MBTI and Socionics don’t concern a lens.. So, you can quantify the types a lot more just by external looking.. It isn’t into the heart, the heart is harder to access on a surgical level than the brain. And the part of the brain where emotions govern, is far harder to access and is inoperable, really, whereas the prefrontal cortex (mbti, socionics) is not as much so. It is a metaphor of accessibility, the way it is in itself structured.
A person can kill if one tries too hard to reach into the amygdala… A person can metaphorically kill with their assumptions and their humiliating a person where their core insecurities, pain, and fears lie… A person’s perception is more delicate tissue than of hardwired bone.. That can take of more… That isn’t as to the touch, soft…
The perception, rather than cognition itself, is where almost all pathologies lie. Perception impacts how the cognition works. How a person who is a 4, would with their Ne, find ways to separate their own self… Or their Ni, seeing in their eye how different they are… How a 6 perception would use its cognition with something like Ne, to find possibilities of threat… Or a 5, possibilities with Ne to further expand their intellectual sphere to feel more in the world, competent.
The perception is the driving force for all interactions and how the cognition to interact inside and out, uses. It is the heart and conscious brain, pumping all blood to the other areas, and the conscious that tells a brain what do.
There are some things with circumstance.. That can make fog to the perception. Disintegration itself.. But things that would be outside, as much as the weather can snow or rain.. And hit the perception.. These things will result in disintegration their own self, but some of these things would be unrelated to the enneagram. They would still wet the psyche, but can make the perception lose control over its inherent way of seeing. Such is the case with something as PTSD.. Where chemical accumulation in the body will wet it, erode it.. And the original structure of it has momentarily deformed..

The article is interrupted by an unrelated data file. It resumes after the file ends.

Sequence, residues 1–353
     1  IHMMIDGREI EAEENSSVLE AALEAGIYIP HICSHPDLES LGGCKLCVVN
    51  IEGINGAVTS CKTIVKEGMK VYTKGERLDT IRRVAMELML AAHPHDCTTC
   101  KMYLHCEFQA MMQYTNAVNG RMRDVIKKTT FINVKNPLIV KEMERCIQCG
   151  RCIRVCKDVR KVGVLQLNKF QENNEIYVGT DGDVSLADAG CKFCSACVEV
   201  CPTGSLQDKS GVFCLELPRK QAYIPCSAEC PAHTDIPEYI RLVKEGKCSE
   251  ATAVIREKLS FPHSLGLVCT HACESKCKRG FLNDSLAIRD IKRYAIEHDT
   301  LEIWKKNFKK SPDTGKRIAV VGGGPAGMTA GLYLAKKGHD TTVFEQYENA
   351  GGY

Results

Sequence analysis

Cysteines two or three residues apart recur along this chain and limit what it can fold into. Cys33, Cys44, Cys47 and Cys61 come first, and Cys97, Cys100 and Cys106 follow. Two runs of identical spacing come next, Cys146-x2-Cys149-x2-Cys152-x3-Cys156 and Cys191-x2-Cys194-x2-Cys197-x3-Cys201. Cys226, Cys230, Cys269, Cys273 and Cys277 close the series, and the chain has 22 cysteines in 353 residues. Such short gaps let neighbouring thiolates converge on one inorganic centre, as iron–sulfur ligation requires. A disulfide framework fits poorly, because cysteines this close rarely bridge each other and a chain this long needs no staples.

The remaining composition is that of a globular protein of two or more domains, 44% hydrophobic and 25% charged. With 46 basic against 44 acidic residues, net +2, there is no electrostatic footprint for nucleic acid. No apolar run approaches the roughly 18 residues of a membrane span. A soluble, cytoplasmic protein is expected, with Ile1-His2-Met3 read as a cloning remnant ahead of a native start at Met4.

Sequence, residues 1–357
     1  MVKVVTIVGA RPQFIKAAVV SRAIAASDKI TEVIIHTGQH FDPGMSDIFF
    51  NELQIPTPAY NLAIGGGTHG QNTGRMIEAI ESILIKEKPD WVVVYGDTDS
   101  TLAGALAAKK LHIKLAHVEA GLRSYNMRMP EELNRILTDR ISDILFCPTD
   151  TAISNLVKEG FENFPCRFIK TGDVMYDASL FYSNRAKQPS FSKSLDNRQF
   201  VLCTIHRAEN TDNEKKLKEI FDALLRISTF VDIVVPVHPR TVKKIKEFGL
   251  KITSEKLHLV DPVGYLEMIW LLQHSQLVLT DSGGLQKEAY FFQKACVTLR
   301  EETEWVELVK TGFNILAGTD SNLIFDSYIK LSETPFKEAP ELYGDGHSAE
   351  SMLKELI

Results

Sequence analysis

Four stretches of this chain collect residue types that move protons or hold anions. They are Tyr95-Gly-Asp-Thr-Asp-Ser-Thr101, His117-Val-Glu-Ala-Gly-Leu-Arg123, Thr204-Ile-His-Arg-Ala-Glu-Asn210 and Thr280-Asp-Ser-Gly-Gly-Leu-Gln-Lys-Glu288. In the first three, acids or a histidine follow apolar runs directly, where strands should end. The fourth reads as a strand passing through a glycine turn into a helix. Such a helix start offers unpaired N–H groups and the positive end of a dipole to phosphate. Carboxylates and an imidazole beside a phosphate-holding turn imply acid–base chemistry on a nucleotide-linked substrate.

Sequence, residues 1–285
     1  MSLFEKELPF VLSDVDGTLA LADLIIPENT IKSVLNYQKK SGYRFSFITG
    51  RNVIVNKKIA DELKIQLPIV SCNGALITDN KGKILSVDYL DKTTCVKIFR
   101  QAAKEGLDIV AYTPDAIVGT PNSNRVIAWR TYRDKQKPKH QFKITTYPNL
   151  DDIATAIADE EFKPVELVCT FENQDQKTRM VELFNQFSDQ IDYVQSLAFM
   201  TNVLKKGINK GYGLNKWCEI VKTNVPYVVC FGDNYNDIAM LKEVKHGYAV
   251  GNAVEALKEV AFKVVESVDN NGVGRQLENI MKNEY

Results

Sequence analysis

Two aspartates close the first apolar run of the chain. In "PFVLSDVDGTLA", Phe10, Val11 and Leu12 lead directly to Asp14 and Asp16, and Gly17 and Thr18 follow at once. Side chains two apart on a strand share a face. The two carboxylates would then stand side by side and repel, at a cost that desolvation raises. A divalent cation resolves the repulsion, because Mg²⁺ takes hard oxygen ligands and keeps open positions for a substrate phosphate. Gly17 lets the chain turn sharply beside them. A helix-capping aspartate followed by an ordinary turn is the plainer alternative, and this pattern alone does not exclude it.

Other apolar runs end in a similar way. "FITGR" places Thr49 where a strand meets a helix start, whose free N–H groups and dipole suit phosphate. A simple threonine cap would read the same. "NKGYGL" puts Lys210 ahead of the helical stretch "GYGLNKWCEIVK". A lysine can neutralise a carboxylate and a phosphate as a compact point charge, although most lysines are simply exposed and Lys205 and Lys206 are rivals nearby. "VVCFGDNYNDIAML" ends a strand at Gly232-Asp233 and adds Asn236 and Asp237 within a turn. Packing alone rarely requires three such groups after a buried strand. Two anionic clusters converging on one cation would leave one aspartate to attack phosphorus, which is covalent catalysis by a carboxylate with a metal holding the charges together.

The cortisol surfaces up, it drowns the perception and stresses it.. So the perception sees underwater of all this cortisol.. And drowns as it tries see.. But can’t..
It sickens a mind.. And if the genetics make for it, result in physical frailties as fibromyalgia, autoimmunity, TMJ, and other means. I’m diagnosed with idiopathic neuropathy, TMJ and fibromyalgia. I’m being tested for autoimmunity, as my sister and aunt have mastocytosis (sister) and chron’s disease (aunt). My cousin who is older than I, he’s 28.. He just this recency got diagnosed with thyroid cancer and had his taken out. He had thyroid challenges before….
All relate to PTSD and the cortisol, I feel. But the Nod2gene runs in my family. It’s just the stress activated it. In me..
The generational abuse in the family line has made for more stressed nervous systems that likely played role to activate this gene..